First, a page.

I woke up this morning with a line from the Israeli poet Rachel on my mind:
Will you hear my silence, you, who did not hear my words?
Her appeal, poignant in the knowledge that her death from tuberculosis is approaching, is deeply personal. Someone she has loved has failed to hear her cry. Soon she will have no more words…
But the feeling is also apt for Holocaust Memorial Day, the anniversary of the date when the first troops of the Red Army came upon Auschwitz and Birkenau. Primo Levi’s description of his first sight of them is unforgettable, four horsemen, silent, a look of shame on their young faces that such a place could even exist, that such deeds could be part of the annals of what is.
Might Rachel’s line not express what the dead are asking of us:
Will you hear my silence, you who did not hear my words?
Will we hear the stifled voices of those forced down forever into the world of death? What might they say? Each time I visit the site of a former death camp, I try to walk in silence and to listen. For these are places which command attentiveness:
Don’t kill me. I love life.
I wish we were together. I’m afraid.
Don’t be afraid.
My child, where is my child? If only I could have spared you this!
Take my hand.
Beneath and beyond is all silence; what do we really know of what people thought and felt in their final moments?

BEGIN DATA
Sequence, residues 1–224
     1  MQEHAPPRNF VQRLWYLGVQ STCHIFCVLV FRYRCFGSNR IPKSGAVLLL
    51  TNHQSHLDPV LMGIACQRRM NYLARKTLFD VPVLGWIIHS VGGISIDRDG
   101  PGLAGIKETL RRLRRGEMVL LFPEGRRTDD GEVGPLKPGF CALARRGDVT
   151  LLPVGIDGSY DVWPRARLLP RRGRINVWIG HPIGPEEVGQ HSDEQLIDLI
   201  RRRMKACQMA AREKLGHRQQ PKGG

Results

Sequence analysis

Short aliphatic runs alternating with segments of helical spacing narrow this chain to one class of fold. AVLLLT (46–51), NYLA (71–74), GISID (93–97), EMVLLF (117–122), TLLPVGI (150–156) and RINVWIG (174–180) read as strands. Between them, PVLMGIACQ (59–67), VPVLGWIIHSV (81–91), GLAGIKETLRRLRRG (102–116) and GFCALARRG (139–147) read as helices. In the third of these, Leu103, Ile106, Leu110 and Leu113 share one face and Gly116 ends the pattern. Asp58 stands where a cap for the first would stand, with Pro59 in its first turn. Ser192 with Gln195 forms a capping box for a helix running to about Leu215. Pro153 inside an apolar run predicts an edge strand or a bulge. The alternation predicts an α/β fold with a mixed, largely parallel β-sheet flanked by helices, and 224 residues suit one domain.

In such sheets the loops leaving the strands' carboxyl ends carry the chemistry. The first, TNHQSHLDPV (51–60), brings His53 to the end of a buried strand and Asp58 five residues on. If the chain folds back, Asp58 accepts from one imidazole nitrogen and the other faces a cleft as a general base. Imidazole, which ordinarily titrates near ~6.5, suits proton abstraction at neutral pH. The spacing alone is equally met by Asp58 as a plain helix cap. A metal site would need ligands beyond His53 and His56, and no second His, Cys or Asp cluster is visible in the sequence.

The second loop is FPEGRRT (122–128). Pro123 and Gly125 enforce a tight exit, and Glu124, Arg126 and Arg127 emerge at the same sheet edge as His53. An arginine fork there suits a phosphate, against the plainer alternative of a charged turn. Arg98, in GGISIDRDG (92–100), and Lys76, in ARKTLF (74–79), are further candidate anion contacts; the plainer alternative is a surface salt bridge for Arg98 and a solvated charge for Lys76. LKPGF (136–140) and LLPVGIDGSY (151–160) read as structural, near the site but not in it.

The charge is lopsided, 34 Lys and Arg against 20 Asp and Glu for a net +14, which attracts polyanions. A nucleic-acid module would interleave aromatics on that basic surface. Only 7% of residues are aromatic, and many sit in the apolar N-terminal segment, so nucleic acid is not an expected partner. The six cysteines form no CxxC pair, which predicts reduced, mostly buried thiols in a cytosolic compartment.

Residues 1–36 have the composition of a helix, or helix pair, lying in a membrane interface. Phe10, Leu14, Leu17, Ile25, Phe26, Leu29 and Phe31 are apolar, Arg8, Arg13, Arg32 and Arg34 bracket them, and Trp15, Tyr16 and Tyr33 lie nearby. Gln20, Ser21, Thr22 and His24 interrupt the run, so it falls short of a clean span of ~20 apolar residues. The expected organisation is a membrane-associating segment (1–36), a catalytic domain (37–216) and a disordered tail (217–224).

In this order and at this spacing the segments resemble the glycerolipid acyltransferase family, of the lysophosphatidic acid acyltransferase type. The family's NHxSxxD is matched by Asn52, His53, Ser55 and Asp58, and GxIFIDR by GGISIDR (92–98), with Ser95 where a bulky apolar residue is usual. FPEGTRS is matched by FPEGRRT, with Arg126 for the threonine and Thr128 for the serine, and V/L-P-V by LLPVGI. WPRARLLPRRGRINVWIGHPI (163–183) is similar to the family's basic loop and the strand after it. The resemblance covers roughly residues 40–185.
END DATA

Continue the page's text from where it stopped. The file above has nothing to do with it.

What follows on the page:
Across the world, in Rwanda, Cambodia, Bosnia, mothers, children, spouses, neighbours confront the silence of those they had loved. Often, they don’t even know how they met their death or where their bones now lie.
But all is not silence. We still have survivors among us, witnesses, refugees. In my experience, they testify to horror and pain, to the importance of memory and truth, but rarely in bitterness and hardly ever with hatred. On the contrary, the voices of survivors are overwhelmingly a call to a profound and embracing humanity, to the awareness of the transcendent value of life, beyond the differences and barriers of race, ethnicity, faith and nationality. Though they speak of the past, what they really address is the present and the future: where today is that humanity, the courage to confront prejudice and hate, the determination to protect the innocent victims of violence, which was so much lacking then?
Within their words lie the lives and loves of all those whose cries were not heeded, whose voices were silenced with a bullet, a boot, or gas, disease or starvation.
Will we hear? Will we act?
Memory is never morally neutral; it is always a question addressed to the future. It is always responsibility.